3. I have been wanting to make lavender candles to add to my lavender products, and want to try your recipe. Thank you for sharing this!

  4. Tried this-almost set the house on fire when the lavender buds caught fire after the candle had burned down. Careful!

    1. Kimberly, I’m very sorry to hear this happened to you. I didn’t have an issue myself with the buds catching on fire, but I never burn my candles all the way down. I have altered the instructions since hearing of your experience. Thank you so much for your feedback.

  5. Hi, I tried to make one, but when I let the wax cool down to 125, it began to have bunch of wax in it. So, I heat it up again, put my oil and the buds and poured in the jar. But, later, the wax kind of fall in the middle, it didn’t make a smooth surface. What did I do wrong? (Sorry for the bad english, it’s not my first language)

  6. Hi, I would like to know if the flower buds will settle down to the base of the jar when the wax are cooling.
    How do you keep them floating?

  7. These are really cute. They should not be burned though. They are a fire hazard. When you add things into a candle that are flammable it can be dangerous when they burn.

    1. Hi Jaine,
      Thank you for your feedback! I have since altered the post to warn against using the buds. My candles never caught fire but I don’t burn my candles all the way down. I always toss them when there’s still a little bit of wax left.

  8. Hi Jennifer, You should REALLY respond to people’s concerns about the flammability of the lavender in these candles. It is irresponsible to keep this project online if there are hidden dangers with the candles that have not been disclosed by you. Please post somewhere in the comments to confirm/deny the danger of adding lavender to the candles. Thanks!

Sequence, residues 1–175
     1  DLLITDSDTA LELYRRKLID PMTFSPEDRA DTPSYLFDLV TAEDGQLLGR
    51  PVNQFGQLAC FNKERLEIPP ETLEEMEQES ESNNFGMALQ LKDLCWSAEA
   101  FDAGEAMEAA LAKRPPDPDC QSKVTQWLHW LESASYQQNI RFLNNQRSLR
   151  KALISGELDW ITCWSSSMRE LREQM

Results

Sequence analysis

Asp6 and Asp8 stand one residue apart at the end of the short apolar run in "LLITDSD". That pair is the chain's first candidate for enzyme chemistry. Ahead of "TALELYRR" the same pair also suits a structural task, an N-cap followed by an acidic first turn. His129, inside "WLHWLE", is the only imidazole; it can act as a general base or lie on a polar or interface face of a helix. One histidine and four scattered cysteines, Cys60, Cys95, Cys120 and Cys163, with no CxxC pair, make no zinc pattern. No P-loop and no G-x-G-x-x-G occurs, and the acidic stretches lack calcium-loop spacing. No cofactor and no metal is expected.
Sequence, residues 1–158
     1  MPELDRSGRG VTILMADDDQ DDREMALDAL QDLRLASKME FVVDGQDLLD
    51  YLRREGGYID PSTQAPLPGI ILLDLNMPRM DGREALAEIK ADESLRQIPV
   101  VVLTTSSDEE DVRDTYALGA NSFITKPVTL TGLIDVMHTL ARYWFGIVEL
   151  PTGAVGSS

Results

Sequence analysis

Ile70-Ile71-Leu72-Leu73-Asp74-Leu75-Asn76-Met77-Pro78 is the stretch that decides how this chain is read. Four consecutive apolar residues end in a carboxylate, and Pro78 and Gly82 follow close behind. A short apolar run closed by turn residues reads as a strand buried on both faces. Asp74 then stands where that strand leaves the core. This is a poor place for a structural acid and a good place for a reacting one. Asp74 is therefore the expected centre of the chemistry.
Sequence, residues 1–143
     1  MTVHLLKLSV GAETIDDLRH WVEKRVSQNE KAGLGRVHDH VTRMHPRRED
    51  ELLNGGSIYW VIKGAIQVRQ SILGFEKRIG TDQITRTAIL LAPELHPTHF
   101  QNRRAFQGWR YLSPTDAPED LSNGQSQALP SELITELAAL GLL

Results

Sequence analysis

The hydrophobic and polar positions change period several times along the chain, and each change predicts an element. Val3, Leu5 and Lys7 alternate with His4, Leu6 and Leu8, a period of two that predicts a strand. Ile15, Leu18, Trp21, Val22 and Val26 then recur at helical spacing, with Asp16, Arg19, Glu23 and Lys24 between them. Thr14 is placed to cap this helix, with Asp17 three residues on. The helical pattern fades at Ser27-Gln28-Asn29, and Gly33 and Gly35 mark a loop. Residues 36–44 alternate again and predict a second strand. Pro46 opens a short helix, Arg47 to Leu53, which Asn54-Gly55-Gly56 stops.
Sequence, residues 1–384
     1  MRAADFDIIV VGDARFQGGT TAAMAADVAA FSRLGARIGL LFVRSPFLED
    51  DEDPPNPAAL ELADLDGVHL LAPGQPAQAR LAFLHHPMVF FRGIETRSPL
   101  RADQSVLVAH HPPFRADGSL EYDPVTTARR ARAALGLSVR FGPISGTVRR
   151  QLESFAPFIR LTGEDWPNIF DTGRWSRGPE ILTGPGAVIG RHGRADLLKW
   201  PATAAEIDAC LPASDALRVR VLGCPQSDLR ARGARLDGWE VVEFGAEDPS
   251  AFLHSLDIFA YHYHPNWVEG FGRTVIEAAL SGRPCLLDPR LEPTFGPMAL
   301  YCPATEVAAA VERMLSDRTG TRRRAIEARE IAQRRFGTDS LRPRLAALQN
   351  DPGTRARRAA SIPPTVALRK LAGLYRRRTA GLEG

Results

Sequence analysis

1. Hi Sophia.

      I truly appreciate your feedback and have now warned against including the lavender buds in the instructions above. The candles will still smell wonderful without the lavender buds. I do reply to comments, but I do it via email so the responses aren’t seen on the blog. I have however, responded to some of the comments here on the blog post itself for anyone who is reading them – you are right about that. Thank you so much for your helpful concern! 🙂

  9. Hey I used the lavender buds and guess what they didn’t catch on fire. But if they did I would have toasted marshmallows to then Sophia – Mason jars are amazing.

  10. Hi Jennifer,
    You mentioned in an earlier post that you wanted to install butcher block countertops. We decided to retire to West Virginia and bought a 1945 cottage that needed a lot of work. We had pretty much run out of money by the time we got to the kitchen, so we installed hardwood floors to match the rest of the house, removed some of the upper cabinets in order to install open shelving and painted the rest. I wanted hardwood countertops, but didn’t want to pay for the installed options, and didn’t love butcher block. We went to a nearby lumber yard and purchased rough-cut wide oak boards for about $120.00. We ripped them, my husband attached the boards together, and I hand planed them with my dad’s old planers. We installed them, and then I finished them with food safe dark tung oil. I think they are beautiful, and they were very easy on our pocket book! If you have an e-mail where I can send pictures – I’ll show you a much more cost effective and unique option to consider.
    Thanks, Gail.